The operation in Tulkarm, a Palestinian town that abuts on Israeli territory, began Wednesday night when a force of several hundred Israeli soldiers backed by tanks seized control of the town and two refugee camps, calling on residents through loudspeakers to stay off the streets. The army said its troops then began a house-to-house search for "wanted men and weapons." Palestinians said four of their number were killed in gunfights with the Israelis.

The army said it would remain in Tulkarm for no more than three days. Israeli forces have conducted similar operations in Nablus, Jenin and northern Gaza, demonstrating their ability to re-enter Palestinian areas at will.

Violence surged in the middle of Thursday night, as it has regularly in recent weeks. Israel Radio reported that the militant group Hamas claimed responsibility for the killing of five Israeli teenagers at the Jewish settlement of Atzmona in the Gaza Strip. The gunman, who used an assault rifle and threw grenades was himself killed in the attack. He was later identified as Mohammed Farhat, 19, from Gaza City.

As the violence increases, people on both sides despair of finding a way out of the bloodshed that increasingly seems to feed on itself, each blow provoking pledges of an even more painful retaliation.

In Bethlehem on Thursday, across the street from the rubble of what had been a British-era police headquarters, Suzanne Elias wandered through her badly damaged house, trying to salvage what she could. After the first attacks on the headquarters several days ago, she and her family had taken refuge with relatives, so they were not there in the predawn darkness when the bombs came again, leaving her home broken and filled with dusty debris.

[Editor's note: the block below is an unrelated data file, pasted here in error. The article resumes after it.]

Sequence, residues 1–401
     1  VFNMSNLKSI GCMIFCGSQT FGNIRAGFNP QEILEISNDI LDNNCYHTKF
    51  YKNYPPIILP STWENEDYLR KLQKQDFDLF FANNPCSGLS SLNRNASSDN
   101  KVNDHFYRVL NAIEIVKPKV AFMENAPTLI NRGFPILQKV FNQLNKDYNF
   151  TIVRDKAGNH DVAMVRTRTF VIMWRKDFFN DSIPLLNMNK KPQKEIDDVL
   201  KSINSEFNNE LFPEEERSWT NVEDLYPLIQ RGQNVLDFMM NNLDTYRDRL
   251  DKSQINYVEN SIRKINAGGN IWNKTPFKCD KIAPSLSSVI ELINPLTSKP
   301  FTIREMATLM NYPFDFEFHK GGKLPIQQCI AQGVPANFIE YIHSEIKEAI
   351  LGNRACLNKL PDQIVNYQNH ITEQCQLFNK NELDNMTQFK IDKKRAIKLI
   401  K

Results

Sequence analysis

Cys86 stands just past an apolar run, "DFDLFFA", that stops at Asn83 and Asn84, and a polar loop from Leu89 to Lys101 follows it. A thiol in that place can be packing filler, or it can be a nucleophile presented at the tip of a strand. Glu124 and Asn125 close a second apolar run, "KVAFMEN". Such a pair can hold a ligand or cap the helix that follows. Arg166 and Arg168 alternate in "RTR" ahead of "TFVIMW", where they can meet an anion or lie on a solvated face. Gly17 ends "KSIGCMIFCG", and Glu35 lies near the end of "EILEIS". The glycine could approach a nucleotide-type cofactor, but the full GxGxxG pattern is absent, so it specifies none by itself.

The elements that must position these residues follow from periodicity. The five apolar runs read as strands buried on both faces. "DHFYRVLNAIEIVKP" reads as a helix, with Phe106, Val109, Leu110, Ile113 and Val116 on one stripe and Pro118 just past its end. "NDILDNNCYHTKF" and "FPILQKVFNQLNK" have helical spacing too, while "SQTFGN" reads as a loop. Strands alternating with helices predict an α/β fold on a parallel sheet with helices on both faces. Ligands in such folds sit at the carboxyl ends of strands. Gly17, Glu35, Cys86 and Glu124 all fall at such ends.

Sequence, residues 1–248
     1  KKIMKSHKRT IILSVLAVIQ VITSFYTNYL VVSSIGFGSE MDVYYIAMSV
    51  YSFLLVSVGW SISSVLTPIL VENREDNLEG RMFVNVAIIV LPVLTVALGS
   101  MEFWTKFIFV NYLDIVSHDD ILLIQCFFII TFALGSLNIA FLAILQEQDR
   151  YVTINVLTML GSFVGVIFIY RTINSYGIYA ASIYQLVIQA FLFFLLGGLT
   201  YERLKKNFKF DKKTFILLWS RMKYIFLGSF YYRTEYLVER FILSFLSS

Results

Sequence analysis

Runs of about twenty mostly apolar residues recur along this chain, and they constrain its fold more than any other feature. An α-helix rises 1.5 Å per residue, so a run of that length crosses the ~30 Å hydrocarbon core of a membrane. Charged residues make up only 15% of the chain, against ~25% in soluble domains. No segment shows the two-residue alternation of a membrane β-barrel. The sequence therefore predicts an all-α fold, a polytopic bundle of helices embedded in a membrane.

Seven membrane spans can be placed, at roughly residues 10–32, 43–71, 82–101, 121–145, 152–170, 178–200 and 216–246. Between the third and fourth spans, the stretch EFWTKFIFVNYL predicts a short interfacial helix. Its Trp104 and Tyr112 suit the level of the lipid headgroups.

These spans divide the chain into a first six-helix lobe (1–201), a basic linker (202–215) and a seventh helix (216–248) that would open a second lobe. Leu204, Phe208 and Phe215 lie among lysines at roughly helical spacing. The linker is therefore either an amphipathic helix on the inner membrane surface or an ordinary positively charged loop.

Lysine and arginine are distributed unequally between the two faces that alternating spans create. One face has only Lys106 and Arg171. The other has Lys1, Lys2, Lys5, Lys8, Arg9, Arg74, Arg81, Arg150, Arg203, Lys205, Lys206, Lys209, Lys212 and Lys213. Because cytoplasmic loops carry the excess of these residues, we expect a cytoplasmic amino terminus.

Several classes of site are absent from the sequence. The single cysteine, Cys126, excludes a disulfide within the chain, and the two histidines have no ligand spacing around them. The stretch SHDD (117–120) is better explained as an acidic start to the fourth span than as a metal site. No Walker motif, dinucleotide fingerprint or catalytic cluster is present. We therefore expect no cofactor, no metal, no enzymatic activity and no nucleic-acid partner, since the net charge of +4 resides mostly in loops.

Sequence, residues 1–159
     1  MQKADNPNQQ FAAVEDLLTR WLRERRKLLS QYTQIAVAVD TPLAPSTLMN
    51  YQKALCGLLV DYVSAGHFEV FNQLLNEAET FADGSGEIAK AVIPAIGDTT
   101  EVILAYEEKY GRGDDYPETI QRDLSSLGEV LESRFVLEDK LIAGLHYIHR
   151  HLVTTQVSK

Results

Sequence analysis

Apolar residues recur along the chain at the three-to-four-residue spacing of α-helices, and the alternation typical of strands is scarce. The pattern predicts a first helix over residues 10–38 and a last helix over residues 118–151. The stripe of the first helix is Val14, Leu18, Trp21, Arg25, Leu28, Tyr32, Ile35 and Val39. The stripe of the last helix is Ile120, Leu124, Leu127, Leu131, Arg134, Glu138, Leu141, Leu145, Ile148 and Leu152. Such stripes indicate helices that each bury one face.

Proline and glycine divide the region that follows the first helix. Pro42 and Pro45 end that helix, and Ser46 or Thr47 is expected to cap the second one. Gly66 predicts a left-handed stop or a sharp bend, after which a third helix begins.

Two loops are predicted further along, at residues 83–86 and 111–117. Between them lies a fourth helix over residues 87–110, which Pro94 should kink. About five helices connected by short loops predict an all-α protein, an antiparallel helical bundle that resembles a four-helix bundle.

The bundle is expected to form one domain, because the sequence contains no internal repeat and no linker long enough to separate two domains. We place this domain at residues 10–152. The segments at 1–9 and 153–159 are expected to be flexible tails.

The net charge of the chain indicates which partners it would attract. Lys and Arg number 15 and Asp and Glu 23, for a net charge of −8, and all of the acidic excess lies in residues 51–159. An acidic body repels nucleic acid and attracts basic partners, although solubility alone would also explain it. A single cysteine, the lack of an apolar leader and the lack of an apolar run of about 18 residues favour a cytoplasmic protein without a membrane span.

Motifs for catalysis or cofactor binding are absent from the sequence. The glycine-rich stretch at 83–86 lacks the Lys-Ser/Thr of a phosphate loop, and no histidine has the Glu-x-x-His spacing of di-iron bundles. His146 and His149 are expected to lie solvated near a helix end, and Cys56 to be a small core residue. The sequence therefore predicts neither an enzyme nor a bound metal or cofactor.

"I never believed they would do this," she said. Her 11-year-old son, one of three children, woke up and vomited in fear. "They are in shock. He said, `Why do they hit us? What did we do?' I never dreamed it would reach this. Everybody looks at what happens to Israel. Nobody looks at what Israel is doing to us."

The Israelis had struck the headquarters — a three-story, fortresslike compound on the road south to Hebron — three times, once with Apache attack helicopters and twice with jet fighters, reducing it to rubble. Early Thursday, a bomb also struck the new headquarters of Yasir Arafat, the Palestinian leader. This morning the jets and helicopters were at work again.

The attacks on police and security buildings are depicted by the Israelis as a way to punish the Palestinian Authority into taking action against terrorism. That has not happened. But few Israelis are aware of the terror or damage the bombings spread in the vicinity of the strikes.

"I never thought of leaving," said Ms. Elias's husband, Youssef Elias, co-owner of a beverage distribution company. "I like Bethlehem so much. But last year I began hating Bethlehem. As long as they keep striking, there will be revenge. Stop! Give us our rights!

"Now I am thinking of leaving," he said. "Three days ago I had a nice home. Suddenly I have no house. What do my children see?"

At Mr. Arafat's headquarters, militiamen displayed fragments of a bomb that identified it as a 500-pound guided MK82. They pointed to a medallion with serial numbers and the name Texas Optoelectronics Inc. A company of that name in Garland, Tex., advertises that it is a supplier to the military.